Already, “The United States is India’s top trading partner, ahead of China today,” adds Nisha Biswal, President of the U.S. India Business Council (USIBC), which is part of the U.S. Chamber of Commerce in Washington. Indeed, she says, a lot of top American companies have their biggest or second biggest bases in India.

Traditionally American executives have thought of India as a source of spices, textiles, apparel, jewelry and handicrafts.

While India does export billions of dollars of these products to the United States, India has moved much further up in the value chain. The cabin of Marine One, the presidential helicopter is fabricated for Lockheed Martin’s Sikorsky unit in India, according to Aghi and he goes on to add “The Ford EcoSport is manufactured in Chennai, India for the U.S market.” NASA’s Jet Propulsion Laboratory in Pasadena, California is collaborating with the Indian Space Research Organization on the most expensive imaging satellite ever to be launched, NISAR. This probe will be built and launched in India and will study hazards and global environmental change more accurately than ever before.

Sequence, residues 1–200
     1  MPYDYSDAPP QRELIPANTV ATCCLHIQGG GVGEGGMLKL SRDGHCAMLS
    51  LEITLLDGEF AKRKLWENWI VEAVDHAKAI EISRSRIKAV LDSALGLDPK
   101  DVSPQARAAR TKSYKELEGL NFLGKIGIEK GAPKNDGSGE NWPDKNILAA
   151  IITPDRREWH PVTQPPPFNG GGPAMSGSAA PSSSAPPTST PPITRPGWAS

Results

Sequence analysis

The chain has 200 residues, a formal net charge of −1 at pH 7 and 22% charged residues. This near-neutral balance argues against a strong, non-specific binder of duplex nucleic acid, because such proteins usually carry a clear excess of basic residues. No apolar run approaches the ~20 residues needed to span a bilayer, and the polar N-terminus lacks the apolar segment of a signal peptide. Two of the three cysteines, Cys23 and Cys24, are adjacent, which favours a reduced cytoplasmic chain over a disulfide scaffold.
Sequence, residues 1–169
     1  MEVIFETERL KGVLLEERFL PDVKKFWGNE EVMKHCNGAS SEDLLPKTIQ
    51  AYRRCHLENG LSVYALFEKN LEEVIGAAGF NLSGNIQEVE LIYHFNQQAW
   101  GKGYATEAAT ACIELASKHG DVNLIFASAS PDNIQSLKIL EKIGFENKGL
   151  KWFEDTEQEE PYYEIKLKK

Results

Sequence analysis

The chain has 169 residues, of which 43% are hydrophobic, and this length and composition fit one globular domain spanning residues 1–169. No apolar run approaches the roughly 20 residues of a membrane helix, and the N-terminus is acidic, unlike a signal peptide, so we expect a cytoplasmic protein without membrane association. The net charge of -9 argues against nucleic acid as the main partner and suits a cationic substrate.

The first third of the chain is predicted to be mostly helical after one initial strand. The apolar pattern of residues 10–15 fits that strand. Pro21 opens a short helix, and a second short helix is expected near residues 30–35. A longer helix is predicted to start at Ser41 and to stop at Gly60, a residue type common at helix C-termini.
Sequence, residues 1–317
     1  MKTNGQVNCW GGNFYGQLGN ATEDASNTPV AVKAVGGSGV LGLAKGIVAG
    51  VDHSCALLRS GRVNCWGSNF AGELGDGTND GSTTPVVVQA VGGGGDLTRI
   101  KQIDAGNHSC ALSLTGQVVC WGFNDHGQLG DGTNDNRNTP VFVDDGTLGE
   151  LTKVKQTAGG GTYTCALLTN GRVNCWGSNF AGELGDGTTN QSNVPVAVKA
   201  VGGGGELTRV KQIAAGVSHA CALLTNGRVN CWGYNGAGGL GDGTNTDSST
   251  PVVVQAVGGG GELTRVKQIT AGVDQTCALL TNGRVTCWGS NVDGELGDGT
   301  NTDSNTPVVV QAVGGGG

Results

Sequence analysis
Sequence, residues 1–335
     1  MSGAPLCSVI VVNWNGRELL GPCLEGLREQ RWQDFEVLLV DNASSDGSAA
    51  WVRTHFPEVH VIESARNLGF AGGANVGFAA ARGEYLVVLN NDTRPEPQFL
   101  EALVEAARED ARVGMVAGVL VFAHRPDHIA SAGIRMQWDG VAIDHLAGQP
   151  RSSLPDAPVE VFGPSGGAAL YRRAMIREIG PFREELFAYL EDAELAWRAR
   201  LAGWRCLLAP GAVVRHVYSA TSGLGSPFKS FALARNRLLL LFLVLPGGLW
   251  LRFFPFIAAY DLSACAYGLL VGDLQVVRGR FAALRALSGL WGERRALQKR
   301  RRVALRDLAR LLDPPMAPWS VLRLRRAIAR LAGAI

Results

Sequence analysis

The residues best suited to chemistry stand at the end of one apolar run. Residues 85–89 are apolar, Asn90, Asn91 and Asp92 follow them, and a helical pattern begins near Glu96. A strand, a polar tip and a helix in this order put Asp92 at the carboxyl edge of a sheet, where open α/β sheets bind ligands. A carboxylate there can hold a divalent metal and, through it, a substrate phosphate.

India exports shrimp, processed foods, and agricultural products to the United States. Aghi says that 3.2 million Apple iPhones built in India will be exported from the country. Biswal of USIBC asserts that India can supply medical devices, energy efficient green transportation, power semiconductors, switches, and rectifiers for American needs. India already provides almost 40 percent of the generic drugs sold in the United States, produced at factories inspected and approved by the U.S. Food and Drug Administration.

We call this phenomenon “India Inside,” where much of what is imported from India goes unnoticed by both American consumers and the media, but is nonetheless crucial to the fabric of the U.S economy. In particular we are confident that factories in India can scale up volume production to meet the domestic Indian, American, and global demand for devices, disposable and drugs to diagnose, treat and vaccinate against Covid-19.

Unlike export-driven China, India’s companies grew rapidly by serving pent-up domestic demand since the economy liberalized in 1991. In the process, Indian managers and entrepreneurs acquired the management skills and quality standards to expand globally, but they first turned to markets in the Middle East, ASEAN, Africa and Eastern Europe.